Our research complements the organisation’s core data collection and monitoring function, drawing on the evidence that the data presents and providing conceptual clarity and framing of key problematics of internal displacement. In-depth qualitative and quantitative research is conducted in partnership with leading academic institutions, experts and international organisations across these research priorities for 2017-2023:
Internal displacement affects people’s lives, safety and well-being. But it can also limit their economic potential, leading to billions of dollars being lost each year and jeopardizing socioeconomic development for entire countries. This research measures the economic impacts of internal displacement at the global, national and individual levels to guide investments into more effective prevention and response.
Around the world, most internally displaced people find refuge not inside displacement camps, but in host communities, often in cities. Evidence is scarce regarding their exact numbers, locations, needs and resources. Understanding urban displacement better is key to designing more effective measures to prevent future displacement, and more sustainable solutions including local integration in urban communities.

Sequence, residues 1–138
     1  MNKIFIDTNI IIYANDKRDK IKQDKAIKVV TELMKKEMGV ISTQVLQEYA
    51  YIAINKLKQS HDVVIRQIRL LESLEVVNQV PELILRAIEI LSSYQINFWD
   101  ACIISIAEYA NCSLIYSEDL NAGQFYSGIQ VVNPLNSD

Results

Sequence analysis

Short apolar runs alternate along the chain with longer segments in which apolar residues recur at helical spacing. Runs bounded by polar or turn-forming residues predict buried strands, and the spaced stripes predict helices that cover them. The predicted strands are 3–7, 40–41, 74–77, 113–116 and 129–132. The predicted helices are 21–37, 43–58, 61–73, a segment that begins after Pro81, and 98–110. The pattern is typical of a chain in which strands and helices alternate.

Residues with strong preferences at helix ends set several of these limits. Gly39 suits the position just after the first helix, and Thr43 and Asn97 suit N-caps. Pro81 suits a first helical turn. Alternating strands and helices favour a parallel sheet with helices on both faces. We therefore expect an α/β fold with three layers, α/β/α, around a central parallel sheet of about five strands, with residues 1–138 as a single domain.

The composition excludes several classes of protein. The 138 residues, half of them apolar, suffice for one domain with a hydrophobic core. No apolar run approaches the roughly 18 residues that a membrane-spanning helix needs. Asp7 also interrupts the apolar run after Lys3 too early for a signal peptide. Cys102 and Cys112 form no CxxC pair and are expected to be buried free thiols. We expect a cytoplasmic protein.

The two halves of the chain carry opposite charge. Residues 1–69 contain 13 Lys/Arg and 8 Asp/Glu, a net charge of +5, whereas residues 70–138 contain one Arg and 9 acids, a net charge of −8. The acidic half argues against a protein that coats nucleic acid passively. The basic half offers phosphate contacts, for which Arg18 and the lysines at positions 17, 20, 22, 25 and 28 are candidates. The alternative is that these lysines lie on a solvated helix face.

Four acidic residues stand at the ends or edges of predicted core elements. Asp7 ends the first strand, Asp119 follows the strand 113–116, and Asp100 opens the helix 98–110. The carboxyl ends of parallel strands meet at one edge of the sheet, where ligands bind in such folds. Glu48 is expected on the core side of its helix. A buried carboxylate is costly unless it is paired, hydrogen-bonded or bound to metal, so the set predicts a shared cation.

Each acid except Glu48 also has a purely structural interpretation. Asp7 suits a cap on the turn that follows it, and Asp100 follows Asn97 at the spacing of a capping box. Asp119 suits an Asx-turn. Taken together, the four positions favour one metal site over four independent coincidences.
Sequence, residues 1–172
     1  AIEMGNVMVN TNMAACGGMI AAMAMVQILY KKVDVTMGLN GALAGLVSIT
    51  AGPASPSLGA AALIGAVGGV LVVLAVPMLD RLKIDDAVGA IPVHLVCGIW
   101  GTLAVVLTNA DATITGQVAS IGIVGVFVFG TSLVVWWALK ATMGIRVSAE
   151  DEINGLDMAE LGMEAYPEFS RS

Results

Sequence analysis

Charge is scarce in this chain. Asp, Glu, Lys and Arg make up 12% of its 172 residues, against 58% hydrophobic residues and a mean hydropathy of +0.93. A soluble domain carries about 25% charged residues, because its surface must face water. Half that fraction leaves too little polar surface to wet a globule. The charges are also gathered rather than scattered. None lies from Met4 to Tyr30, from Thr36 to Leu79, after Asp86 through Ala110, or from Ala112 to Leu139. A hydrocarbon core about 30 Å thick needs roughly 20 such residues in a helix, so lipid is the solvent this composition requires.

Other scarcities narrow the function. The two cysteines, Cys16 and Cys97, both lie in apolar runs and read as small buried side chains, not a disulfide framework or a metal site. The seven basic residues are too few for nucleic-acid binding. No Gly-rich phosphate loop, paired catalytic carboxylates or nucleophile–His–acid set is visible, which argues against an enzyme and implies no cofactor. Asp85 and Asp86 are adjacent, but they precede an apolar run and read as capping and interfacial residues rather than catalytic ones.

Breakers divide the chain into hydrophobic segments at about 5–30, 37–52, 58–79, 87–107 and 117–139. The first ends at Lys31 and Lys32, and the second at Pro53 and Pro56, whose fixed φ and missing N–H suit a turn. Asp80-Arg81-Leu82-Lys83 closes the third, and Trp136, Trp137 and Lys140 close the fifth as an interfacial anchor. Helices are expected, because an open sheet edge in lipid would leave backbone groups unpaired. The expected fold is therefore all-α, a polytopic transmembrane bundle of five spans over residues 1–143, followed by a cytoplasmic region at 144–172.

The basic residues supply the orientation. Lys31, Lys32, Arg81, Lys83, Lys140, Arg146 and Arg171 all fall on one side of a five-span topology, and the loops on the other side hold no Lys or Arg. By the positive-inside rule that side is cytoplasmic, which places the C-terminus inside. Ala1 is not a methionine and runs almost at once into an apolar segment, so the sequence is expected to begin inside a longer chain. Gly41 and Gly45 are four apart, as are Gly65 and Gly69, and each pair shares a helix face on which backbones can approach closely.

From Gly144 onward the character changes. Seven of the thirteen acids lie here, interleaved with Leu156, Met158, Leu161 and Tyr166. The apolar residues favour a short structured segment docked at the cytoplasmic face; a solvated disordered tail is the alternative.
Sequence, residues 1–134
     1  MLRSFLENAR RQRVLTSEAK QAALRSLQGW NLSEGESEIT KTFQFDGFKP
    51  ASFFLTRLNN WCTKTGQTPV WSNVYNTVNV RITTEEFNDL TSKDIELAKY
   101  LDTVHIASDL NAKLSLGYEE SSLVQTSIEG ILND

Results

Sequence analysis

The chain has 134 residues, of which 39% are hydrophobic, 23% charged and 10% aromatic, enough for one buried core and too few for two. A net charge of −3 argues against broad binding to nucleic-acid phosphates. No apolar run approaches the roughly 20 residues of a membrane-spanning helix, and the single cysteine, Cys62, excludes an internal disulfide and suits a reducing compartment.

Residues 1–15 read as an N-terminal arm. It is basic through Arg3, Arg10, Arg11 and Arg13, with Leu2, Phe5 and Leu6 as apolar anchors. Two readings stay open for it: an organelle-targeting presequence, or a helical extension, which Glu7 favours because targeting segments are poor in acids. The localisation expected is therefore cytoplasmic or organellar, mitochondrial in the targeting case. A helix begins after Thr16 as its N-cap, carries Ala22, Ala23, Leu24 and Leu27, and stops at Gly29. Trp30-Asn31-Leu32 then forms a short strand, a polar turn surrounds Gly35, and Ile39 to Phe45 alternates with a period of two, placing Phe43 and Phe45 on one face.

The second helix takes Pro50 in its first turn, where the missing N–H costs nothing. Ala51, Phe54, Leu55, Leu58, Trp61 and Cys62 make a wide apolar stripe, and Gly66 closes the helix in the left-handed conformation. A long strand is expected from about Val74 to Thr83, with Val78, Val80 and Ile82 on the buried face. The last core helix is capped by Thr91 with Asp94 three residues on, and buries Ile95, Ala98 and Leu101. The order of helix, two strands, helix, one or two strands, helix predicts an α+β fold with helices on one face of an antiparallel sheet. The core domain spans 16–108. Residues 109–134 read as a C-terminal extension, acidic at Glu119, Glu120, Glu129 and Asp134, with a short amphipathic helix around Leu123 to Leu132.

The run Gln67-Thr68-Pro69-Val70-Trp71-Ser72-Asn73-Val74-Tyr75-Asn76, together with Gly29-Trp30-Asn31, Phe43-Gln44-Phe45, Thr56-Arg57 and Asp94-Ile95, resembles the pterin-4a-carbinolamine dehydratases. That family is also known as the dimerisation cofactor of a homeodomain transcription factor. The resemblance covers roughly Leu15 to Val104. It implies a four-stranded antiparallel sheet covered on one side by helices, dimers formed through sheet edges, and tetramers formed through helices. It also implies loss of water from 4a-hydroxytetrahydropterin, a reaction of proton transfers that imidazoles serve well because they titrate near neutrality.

Displacement under deteriorating conditions associated with drought and other gradual environmental processes such as land and forest degradation, desertification, sea-level rise, erosion, salinization and glacial retreat is often associated with the gradual loss of viable livelihoods, habitable land and security. Climate change is a critical driver exacerbating them all.
Achieving durable solutions is a challenge for all displaced people, whether they remained within their own country or crossed an international border in their flight. IDMC’s research examines the conditions needed for the safe return of IDPs and refugees to their place of origin or for their integration in a new home, and assesses whether these conditions are met in different countries.